A new "Hitler Finds Out" video? In 2014? What's next, a new foxtrot?

Stay with me, though, because this is a Very Special Hitler Video - it actually has to do with Hitler!

I conceived this back in the golden age of Hitler "Downfall" parody videos, but kept putting off doing the excruciating work of figuring out how to add subtitles in iMovie. Then, all of a sudden, a couple of days ago I was spurred to dive in, take what turned out to be five minutes working out the iMovie thing, and finish it. (Thanks to my son Skyler for uploading!)

The reason I wanted to get it out there after all this time is because this week the veg community lost a great historian of vegetarian and vegan culture: Rynn Berry died on Thursday.

Rynn was a warm, gentle and witty man who was also passionate about famous vegetarians and famous not-vegetarians. His books include Famous Vegetarians and their Favorite Recipes, Food for the Gods: Vegetarianism and the World's Religions and The Vegan Guide to New York City. He did a great deal of research into the Hitler-as-vegetarian question and published his results in a pamphlet, "Hitler: Neither Vegetarian Nor Animal Lover."

While it's clear that Goebbels (and possibly Hitler himself) worked to cultivate the vegetarian rumor, and while according to Richard Schwartz, Hitler "would occasionally go on vegetarian binges to cure himself of excessive sweatiness and flatulence," the overall claim of a vegetarian Hitler is contradicted by numerous accounts and records of him consuming meat and animal-derived substances.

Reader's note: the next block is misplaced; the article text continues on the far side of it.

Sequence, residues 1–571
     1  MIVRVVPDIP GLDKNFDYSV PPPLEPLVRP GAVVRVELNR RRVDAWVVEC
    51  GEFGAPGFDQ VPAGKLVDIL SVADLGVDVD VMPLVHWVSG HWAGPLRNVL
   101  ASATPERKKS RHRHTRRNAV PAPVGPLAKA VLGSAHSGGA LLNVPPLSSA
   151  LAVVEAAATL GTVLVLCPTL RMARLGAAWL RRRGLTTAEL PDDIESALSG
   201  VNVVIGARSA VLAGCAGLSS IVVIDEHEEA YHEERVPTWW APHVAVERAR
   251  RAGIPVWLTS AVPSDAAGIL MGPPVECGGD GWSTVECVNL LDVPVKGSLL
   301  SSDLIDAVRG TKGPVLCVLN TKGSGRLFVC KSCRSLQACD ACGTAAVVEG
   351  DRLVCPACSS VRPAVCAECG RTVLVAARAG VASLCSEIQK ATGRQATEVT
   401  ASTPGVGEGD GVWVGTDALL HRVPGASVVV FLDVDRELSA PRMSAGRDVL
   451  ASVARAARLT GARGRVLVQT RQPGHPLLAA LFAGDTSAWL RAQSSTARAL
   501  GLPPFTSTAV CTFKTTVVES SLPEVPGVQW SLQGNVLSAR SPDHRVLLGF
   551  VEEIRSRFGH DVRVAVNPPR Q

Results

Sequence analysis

For many people, apparently, eating meat does not disqualify one as a vegetarian. The New York Times' 1937 profile of the German head of state includes this telling quote:  

"It is well known that Hitler is a vegetarian and does not drink or smoke. His lunch and dinner consist, therefore, for the most part of soup, eggs, vegetables and mineral water, although he occasionally relishes a slice of ham..."

As Berry showed, ham was just one of many "exceptions" Hitler made, some less known than others, to his public persona as an ascetic. Of course, to whatever extent Hitler was or was not a true vegetarian is irrelevant to any moral argument about vegetarianism. There is a much clearer record of him eschewing, and working to stamp out the practice of, smoking cigarettes - in what way does that reflect on today's anti-cigarette crusade?

I told Rynn once about the idea to do this video, and always thought he would enjoy watching it once completed. Instead, with both sadness and gratitude, I am now putting it out in his memory.

RIP Rynn Berry, whom publisher and friend Martin Rowe called "the Dr. Johnson of the vegetarian movement."